Here are some of my favorite salad guidelines and suggestions, but the most important one is have fun and feel confident that you are doing something wonderful for yourself in the name of good health.
1. Start with fresh, seasonal ingredients.
This means things like asparagus and snap peas in the spring, tomatoes, beans and corn in the summer, root vegetables and butternut squash in the fall and citrus, sunchokes and roasted brassicas in the winter. Consult EWG’s list of the Dirty Dozen and Clean Fifteen to know which fruits and vegetables are best eaten organic and which ones have the least amount of pesticides.
2. Play with shapes and sizes.
Thinly sliced or shaved, uniformly diced or a mix of shapes and sizes - it’s all fine. Make sure your knives are sharp to keep things running smoothly! There are some people who say that lettuce should be torn and not cut but I’m not one of them. I do like to keep most of my vegetables bite-sized or smaller because It’s not fun to take a bite of salad only to find out that your lettuce leaf is more than a mouthful.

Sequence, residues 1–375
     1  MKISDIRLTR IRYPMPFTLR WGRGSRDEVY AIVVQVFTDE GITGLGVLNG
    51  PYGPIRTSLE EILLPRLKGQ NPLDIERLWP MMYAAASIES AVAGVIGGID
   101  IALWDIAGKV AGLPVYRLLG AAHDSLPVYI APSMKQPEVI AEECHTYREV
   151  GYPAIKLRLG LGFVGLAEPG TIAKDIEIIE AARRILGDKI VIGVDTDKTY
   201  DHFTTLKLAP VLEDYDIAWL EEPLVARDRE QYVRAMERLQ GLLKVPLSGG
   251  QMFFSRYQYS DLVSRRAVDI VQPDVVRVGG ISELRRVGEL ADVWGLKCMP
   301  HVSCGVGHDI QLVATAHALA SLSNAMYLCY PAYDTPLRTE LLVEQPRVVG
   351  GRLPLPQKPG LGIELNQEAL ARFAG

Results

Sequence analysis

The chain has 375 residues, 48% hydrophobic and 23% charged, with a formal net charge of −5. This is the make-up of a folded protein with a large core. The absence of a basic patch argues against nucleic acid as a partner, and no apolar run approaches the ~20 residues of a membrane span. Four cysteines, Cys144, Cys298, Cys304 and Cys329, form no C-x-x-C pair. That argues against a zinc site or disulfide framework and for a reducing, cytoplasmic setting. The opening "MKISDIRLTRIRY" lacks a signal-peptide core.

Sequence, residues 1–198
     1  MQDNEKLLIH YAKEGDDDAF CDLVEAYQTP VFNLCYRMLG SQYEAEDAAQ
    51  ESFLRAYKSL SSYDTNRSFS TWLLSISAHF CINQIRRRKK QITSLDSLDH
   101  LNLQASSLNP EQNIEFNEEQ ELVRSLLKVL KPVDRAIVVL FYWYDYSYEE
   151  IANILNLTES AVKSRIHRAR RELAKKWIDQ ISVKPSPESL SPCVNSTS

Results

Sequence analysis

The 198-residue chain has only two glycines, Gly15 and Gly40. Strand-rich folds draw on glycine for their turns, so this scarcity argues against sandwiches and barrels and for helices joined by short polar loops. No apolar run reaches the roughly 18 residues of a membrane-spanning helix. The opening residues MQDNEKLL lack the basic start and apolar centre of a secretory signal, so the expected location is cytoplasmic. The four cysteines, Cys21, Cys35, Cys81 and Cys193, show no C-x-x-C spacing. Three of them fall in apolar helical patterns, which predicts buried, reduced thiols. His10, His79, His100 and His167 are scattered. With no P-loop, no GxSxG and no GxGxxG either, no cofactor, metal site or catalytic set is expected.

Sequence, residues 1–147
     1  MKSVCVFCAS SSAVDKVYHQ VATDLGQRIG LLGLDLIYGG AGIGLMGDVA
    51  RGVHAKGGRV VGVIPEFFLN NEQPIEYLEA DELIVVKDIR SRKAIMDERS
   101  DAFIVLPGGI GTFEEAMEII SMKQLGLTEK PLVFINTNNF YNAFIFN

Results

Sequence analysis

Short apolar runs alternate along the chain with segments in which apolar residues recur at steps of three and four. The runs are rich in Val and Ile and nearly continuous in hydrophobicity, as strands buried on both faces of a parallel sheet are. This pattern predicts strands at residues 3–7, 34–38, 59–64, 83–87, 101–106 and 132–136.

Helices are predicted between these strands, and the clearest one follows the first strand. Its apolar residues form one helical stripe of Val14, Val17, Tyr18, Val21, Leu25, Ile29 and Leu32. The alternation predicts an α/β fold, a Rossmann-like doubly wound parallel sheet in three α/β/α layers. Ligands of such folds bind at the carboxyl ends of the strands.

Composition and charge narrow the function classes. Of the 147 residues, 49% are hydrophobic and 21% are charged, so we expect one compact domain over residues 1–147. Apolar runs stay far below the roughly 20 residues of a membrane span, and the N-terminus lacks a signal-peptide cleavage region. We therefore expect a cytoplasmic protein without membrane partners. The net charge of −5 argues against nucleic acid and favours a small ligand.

3. Texture and color are key.
Crunchy vegetables like carrots, fennel or cucumber, toothy vegetables mushrooms, steamed asparagus or roasted beets, creamy additions like avocado or goat cheese and things with a pop like toasted pepitas or cherry tomatoes are some examples of things you can add to keep your salad varied and interesting. Items like grilled corn, broccoli sprouts and baked radish chips are also a nice textural touch. Purple carrots, yellow bell peppers, bright pink watermelon radishes and fermented beets are among veggies that add a beautiful and varied color palate to your salad.
4. Small amounts of flavor boosters go a long way.
Fresh herbs, pesto, nitrate-free bacon or salami, preserved lemon and thinly sliced nori add a big punch and help make your salad be extra delicious. Don’t forget the sea salt and freshly ground pepper!
5. Dressings don’t have to be complicated.